Um, honestly OTT started on really well, as in, it was more open to indie films. It was more open to working with new writers, new directors, but after lockdown even OTT has become very, very saturated because now big players have started venturing into OTT space. So now, I would say, earlier it was easier to break in. For me, it was slightly unlucky because at that time I was just breaking in. I was just starting to make films and a lot of my short films went on various OTTs like Hotstar and Voot. But now when I’ve written a feature and I’m in the process of pitching it, it’s a struggle because of the big production houses and big players venturing into the OTT space. Now it has become really, really difficult to sort of break in.
Even with the previous experience? I mean, you already have your films on different platforms
Yes, I do. But you know, suddenly the scale has increased manyfold, especially because of the lockdown. In lockdown, the theatres closed. So all the big players, if you now see an OTT space, not just the big actors, but also big production houses now on OTT.
So obviously, the scale, the production values, uh, the kind of requirement, the demand has increased manyfold. So it has become a struggle to sort of crack in. I won’t say it’s entirely hopeless. No!
How many films get made in any year in theatres? Probably nine to 10 films, but now due to several OTTs, a lot of things are being made for several platforms. There are short films, there are web series, there are feature films so obviously the quantum of work and quantum of opportunities have increased. Definitely, as compared to the initial days.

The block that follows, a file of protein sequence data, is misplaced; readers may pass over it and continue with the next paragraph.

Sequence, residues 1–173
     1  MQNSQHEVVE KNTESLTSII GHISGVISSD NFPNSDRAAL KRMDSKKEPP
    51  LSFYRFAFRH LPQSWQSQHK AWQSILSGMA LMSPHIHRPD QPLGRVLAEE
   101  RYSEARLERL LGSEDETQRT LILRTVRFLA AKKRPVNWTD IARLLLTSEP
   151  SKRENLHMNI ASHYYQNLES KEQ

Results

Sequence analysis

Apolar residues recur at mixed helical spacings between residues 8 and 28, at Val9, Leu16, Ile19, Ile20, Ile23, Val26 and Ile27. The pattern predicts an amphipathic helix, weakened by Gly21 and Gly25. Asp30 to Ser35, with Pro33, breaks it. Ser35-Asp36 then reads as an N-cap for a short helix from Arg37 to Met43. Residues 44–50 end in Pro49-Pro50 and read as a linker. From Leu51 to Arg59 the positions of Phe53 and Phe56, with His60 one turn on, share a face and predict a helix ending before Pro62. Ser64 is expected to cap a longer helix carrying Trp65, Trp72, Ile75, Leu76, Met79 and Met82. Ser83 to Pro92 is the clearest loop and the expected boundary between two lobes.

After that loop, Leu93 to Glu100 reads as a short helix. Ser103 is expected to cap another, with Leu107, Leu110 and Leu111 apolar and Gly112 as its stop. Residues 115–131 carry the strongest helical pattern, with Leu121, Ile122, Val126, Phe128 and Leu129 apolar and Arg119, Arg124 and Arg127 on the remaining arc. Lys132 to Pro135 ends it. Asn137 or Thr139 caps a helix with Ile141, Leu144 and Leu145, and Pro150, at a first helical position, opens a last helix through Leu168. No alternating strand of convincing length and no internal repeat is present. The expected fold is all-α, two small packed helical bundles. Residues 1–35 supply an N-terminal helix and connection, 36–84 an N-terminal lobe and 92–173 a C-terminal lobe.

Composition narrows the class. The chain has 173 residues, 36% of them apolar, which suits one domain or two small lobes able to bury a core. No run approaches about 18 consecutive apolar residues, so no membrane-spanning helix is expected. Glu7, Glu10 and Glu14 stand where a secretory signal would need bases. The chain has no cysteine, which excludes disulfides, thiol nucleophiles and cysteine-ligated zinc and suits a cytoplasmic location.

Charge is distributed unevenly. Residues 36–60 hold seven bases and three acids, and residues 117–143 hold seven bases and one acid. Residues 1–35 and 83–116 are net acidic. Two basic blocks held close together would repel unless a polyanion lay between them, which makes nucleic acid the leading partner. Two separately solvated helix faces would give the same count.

But still there are filmmakers like me and several other filmmakers who are hoping that OTTs will become more open, more experimental, but it is not turning out to be that way. You know, OTTs are not working with big players, but now they are also a little shy from experimentation. They’ve become very audience conscious, like what the audience will like, whether what we are making is massy or not. All these factors which were earlier specific to television or theatre have now come into OTT space as well which is slightly worrying but I would also say, there are also plus I mean, definitely, as I said, there are many opportunities that are being given. You get projects. It’s not like I don’t get work at all. I’ve been getting constant work due to OTT only. Uh, but it’s just that. The growth is not as much as filmmakers like me hoped for.
Correct. I’ve been noticing that ever since the big players have started approaching these OTT platforms, quality has gone down a lot. So do you think marketing also plays a big role here? If you have money and if you are ready to market your product, anything would sell…
Um, sadly that’s true. Marketing these days plays a tremendous role in pushing a certain product because there are so many things available in the market. There are so many platforms, then there is YouTube, then there is social media. So, you need a very, very strong marketing strategy to sort of get people to watch your film. These days, I would say whether a film is good or bad, I mean it does matter whether a film is good or bad, but more than that marketing plays a huge role in shaping a project. You know, that’s the reason people these days focus more on marketing, more on strategizing, more on understanding what is the flavour of the… uh, you know, like OTTs have these, if you must have noticed, if one thriller content becomes popular, then everybody is making a thriller.